In the Knicks' final road trip to New Jersey, an exhausted Carmelo Anthony gets M.V.P. treatment

Anthony in Newark. (nba.com)
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J.R. Smith sat at a light wooden locker, unadorned by anything other than his bookbag, in the visitors' locker room of the Prudential Center in Newark following New York's 104-95 win over the soon-to-be ex-New Jersey Nets.

"The most important thing is that we got the win," Smith said, chuckling about his team's uneven performance. "It kind of had a funky little vibe to it. But we'll take it however we can get it."

In the second-to-last home game for a Nets franchise moving to Brooklyn, the New York enjoyed a resolutely partisan pro-Knicks crowd as they overcame an injury-riddled New Jersey team. The Nets were without star point guard Deron Williams, who had a sore calf, and center Brook Lopez.

That was a good thing for the Knicks, who are notably short-handed at the moment, too. Amar'e Stoudemire and Jeremy Lin were still missing with back and knee injuries, respectively. Baron Davis, whose stomach flu hampered him on Tuesday night, couldn't play at all. And Jared Jeffries, who had been limited to a 15-minute maximum since returning from a knee injury, missed Wednesday night's game entirely as well. So New York was missing 40 percent of its rotation, and that 40 percent represented their starter and backup at the point guard and power-forward positions.

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Fortunately, the Knicks are arguably employing the best player in the N.B.A. at the moment. Carmelo Anthony got off to a very fast start, scoring 18 points in the first eight minutes of the game, as the Knicks built a 33-15 lead, to the delight of the crowd, which was dominated by blue and orange, intermingled with white Knicks jerseys.

Anthony smiled his way through the half, basking in the love of the friendly fans. The difference between the way the road player was feted and the near-silence for a video tribute to Jason Kidd, one of the most important players in Nets history, was stark.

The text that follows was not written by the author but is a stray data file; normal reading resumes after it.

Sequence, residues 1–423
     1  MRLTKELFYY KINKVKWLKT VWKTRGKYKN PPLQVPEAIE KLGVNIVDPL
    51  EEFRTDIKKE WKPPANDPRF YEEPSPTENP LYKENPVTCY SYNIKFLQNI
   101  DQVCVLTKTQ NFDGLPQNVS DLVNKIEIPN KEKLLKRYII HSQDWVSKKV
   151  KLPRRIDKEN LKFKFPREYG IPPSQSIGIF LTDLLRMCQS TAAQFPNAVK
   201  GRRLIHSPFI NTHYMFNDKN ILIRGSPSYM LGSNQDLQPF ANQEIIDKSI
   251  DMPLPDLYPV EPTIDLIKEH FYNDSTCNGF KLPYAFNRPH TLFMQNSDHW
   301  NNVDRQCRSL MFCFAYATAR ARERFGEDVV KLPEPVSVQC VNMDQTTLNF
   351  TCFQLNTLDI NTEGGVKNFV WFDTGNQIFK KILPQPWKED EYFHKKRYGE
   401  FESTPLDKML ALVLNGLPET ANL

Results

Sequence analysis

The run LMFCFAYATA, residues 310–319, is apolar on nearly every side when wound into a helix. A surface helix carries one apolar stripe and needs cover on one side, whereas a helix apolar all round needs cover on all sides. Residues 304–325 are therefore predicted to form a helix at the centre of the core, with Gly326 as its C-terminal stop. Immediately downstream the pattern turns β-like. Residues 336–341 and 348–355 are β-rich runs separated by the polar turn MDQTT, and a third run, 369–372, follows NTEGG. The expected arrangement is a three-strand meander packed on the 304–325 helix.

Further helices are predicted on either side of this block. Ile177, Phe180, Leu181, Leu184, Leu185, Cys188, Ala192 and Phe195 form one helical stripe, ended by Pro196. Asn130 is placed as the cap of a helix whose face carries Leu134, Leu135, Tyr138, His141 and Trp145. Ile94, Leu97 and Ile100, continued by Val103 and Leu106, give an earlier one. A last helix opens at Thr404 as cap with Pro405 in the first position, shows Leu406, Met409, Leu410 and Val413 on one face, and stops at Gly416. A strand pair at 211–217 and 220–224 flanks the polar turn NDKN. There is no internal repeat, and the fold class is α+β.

"I felt good," an exhausted Anthony told reporters around his locker following the game. "Especially that first quarter, felt good, shot was falling. It was good for me to get out to a fast start."

It was particularly good for the Knicks, because the rest of the team wasn't doing much. Smith's shot wasn't falling, with the combustible guard just 2-for-6 for the half. And the Nets were doing a solid job keeping three-point specialist Steve Novak from seeing any daylight, keeping him to a single three-pointer at the half. Instead, it was up to point guard Mike Bibby, whose limited mobility and diminished skills had kept him from playing extended minutes for most of the season, to help the rest of the team complement Anthony, who had 27 points at the break to give New York a 64-47 halftime advantage.

Bibby had played a maximum of 22 minutes in a game through the middle of last week, but without any other options, has played 23, 26 and last night, 36 minutes in three of the past four games.

"It's starting to feel like I play basketball," Bibby told a group of reporters. "I haven't played basketball in a long time."

In the third quarter, New York's threes still weren't falling, and Anthony began to tire under the pressure of his second game in two nights and an endless parade of New Jersey double-teams. The Knicks scored just 14 points in the quarter, and New Jersey closed to within 76-71.

But ultimately, the Knicks had enough in them to hold the Nets off. Smith scored nine in the fourth quarter, Novak chipped in with a pair of threes. Anthony contributed a pair of free throws with 4:22 left.

With the clock running out on New Jersey, Anthony pulled at the bottom of his jersey shorts, visibly winded, about to shoot his free throws. The crowd loudly chanted, "MVP! MVP!"

"It felt good to see all those Knicks jerseys in the stands," Anthony said afterward, smiling at the thought. "It was a great Knicks atmosphere."

Anthony sank his free throws and walked back up the court, conserving some of the energy he'll need to continue carrying the Knicks.